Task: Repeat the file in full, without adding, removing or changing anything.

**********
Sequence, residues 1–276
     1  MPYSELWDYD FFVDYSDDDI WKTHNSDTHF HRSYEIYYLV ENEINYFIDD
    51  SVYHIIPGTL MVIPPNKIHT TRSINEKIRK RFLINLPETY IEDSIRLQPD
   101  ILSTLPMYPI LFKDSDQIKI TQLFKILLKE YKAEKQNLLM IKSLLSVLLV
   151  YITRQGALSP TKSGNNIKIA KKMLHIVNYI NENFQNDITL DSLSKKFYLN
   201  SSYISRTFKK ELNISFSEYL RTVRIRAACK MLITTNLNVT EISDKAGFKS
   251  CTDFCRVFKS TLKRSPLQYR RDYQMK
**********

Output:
Sequence, residues 1–276
     1  MPYSELWDYD FFVDYSDDDI WKTHNSDTHF HRSYEIYYLV ENEINYFIDD
    51  SVYHIIPGTL MVIPPNKIHT TRSINEKIRK RFLINLPETY IEDSIRLQPD
   101  ILSTLPMYPI LFKDSDQIKI TQLFKILLKE YKAEKQNLLM IKSLLSVLLV
   151  YITRQGALSP TKSGNNIKIA KKMLHIVNYI NENFQNDITL DSLSKKFYLN
   201  SSYISRTFKK ELNISFSEYL RTVRIRAACK MLITTNLNVT EISDKAGFKS
   251  CTDFCRVFKS TLKRSPLQYR RDYQMK